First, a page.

Because of the poor internet connection (dial-up) on the cruise ship, I was unable to post pictures of our stops along our Scandinavian Cruise (except for 1 photo in Oslo). Thus, I will now follow those original posts with photo albums showing what we saw and what was significant.
In Oslo, we eschewed ship excursions to take my Walking Tour of Oslo, both to check its accuracy and to fine-tune the walk. The walk began at Akershus Fortress, which turned out to be extremely convenient (we were docked directly across the street). The castle (to the left in the photo) is one of Oslo’s oldest buildings (about 1300).
From the fortress, we walked to the Cathedral (Domkirche), a Lutheran church which is the final resting place for many of Norway’s royalty. The altarpiece of the church is particularly striking.
From here we walked down the main boulevard of Old Oslo, Karl Johans Gate. The partially pedestrianized street connects the train station with the Royal Palace. Along the way we stopped briefly at the Parliament building which overlooks a large public space,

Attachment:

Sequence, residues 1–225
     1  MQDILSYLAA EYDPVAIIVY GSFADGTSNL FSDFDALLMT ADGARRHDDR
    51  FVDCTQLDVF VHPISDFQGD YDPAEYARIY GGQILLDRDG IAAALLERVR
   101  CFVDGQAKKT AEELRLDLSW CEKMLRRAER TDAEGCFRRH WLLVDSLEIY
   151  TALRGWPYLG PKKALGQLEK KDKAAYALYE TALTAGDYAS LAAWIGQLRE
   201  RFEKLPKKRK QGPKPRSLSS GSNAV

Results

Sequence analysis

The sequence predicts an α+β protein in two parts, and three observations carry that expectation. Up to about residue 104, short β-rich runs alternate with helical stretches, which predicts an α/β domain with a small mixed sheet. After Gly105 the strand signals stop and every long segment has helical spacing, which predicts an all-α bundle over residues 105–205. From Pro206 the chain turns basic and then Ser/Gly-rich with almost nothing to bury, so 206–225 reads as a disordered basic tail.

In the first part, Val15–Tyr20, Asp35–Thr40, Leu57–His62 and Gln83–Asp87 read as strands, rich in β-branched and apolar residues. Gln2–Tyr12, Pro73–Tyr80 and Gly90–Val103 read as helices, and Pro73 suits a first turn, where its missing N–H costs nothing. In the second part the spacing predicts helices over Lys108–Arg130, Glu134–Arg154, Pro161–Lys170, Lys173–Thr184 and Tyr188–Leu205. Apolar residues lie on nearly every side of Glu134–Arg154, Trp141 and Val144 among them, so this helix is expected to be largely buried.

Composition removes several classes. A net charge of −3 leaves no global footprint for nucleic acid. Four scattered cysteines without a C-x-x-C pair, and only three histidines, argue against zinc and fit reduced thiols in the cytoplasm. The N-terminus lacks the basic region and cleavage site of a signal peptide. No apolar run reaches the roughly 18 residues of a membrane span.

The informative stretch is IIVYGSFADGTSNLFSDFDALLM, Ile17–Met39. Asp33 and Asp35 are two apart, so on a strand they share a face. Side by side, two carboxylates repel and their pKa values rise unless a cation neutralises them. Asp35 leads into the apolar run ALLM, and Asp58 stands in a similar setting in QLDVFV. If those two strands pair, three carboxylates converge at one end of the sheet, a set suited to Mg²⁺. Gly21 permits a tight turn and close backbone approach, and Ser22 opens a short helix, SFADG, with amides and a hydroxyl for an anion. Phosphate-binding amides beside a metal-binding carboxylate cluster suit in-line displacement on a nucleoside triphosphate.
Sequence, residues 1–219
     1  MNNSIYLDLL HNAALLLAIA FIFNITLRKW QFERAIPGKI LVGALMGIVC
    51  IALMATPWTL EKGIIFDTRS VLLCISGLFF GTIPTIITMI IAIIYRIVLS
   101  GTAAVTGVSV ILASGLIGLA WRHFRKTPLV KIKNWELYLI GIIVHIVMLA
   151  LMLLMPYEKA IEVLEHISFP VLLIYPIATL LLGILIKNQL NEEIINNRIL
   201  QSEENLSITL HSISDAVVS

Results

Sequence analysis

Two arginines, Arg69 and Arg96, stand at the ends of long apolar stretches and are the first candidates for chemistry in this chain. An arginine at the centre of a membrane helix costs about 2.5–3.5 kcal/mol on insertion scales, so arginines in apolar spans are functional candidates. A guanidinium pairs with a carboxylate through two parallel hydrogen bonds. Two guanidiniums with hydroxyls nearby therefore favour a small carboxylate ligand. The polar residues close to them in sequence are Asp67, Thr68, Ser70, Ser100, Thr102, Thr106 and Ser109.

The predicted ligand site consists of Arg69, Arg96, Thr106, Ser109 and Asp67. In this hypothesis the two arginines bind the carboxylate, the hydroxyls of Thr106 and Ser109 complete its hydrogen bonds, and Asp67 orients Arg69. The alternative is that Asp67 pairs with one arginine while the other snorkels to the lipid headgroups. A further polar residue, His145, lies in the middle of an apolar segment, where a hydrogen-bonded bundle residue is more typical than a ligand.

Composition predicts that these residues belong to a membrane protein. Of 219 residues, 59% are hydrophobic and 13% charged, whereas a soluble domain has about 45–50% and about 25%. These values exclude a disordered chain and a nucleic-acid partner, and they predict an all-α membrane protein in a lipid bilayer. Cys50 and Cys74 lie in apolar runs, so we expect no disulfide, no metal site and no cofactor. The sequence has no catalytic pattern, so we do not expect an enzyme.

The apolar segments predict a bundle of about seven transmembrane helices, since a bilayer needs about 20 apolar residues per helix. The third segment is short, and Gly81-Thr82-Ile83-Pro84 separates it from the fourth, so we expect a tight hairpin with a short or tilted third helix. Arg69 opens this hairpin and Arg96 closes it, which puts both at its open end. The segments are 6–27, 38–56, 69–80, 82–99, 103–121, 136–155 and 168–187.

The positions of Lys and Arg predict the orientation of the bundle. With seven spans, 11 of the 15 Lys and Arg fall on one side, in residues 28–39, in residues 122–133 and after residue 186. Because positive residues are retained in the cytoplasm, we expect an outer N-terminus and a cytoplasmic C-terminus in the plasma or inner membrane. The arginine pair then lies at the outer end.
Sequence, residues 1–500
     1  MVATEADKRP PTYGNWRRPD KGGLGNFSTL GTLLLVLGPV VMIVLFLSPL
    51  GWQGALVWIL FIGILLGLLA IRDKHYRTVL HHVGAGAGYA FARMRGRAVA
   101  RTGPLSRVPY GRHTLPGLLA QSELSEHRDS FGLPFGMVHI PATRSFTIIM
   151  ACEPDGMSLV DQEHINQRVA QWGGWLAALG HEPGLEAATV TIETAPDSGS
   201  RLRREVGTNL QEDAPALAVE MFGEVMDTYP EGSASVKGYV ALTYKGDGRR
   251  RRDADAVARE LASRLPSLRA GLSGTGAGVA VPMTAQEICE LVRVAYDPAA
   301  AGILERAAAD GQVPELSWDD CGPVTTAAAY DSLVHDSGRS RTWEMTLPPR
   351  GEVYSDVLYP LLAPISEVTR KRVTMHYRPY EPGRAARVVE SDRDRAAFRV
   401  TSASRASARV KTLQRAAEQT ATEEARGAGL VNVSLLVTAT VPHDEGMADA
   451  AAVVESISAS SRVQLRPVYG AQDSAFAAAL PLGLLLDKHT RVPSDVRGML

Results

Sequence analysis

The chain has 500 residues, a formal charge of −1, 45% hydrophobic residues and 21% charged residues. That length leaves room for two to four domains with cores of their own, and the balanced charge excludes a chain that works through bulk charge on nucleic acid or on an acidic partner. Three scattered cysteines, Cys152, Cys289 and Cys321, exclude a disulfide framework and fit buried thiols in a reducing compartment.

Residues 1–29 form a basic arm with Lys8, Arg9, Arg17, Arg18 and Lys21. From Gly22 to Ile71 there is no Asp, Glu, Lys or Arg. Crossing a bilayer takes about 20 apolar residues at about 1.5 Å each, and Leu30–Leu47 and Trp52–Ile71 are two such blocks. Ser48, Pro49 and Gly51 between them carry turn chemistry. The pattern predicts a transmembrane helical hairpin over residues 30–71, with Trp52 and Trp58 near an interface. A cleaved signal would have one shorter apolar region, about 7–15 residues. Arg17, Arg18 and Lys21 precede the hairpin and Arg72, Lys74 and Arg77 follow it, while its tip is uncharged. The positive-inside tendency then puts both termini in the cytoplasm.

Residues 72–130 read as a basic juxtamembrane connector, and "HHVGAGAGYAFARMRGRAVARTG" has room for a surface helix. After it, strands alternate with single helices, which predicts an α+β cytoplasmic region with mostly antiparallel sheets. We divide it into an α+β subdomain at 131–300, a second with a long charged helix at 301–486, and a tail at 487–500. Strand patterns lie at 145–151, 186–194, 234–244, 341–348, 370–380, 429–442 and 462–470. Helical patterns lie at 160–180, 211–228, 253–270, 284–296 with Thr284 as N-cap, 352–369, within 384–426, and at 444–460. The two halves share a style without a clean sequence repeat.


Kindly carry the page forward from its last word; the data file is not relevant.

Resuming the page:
and the National Theater which features a statue of Henrik Ibsen, at the site where many of his plays were performed.
The Royal Palace was under construction but we were able to get close enough for the photo below.
The most important tourist sight in Oslo is City Hall, an immense building which dominates the skyline.
The interior is particularly noteworthy, with a huge mural on one wall and smaller ones along side walls. This is where is the Nobel Peace Prize is awarded annually in December.
Across the square from City Hall is the Nobel Peace Prize Museum,a tribute to the pillars of humanity who have been awarded this prestigious honor.
From here we took Tram #12 to Frogner Park which contains the spectacular Vigeland Sculpture Garden, a gift to the city from Gustav Vigeland. The park contains hundreds of statues in either bronze or granite. Some of my favorites include the following:
Angry Boy — a small statue along the bridge into the park, tucked behind another sculpture.
I really liked what I call “A Man Juggling Babies”
The focal point of the entire ensemble is “The Monolith,” a tall column of writhing bodies, attempting to claw their way to the top.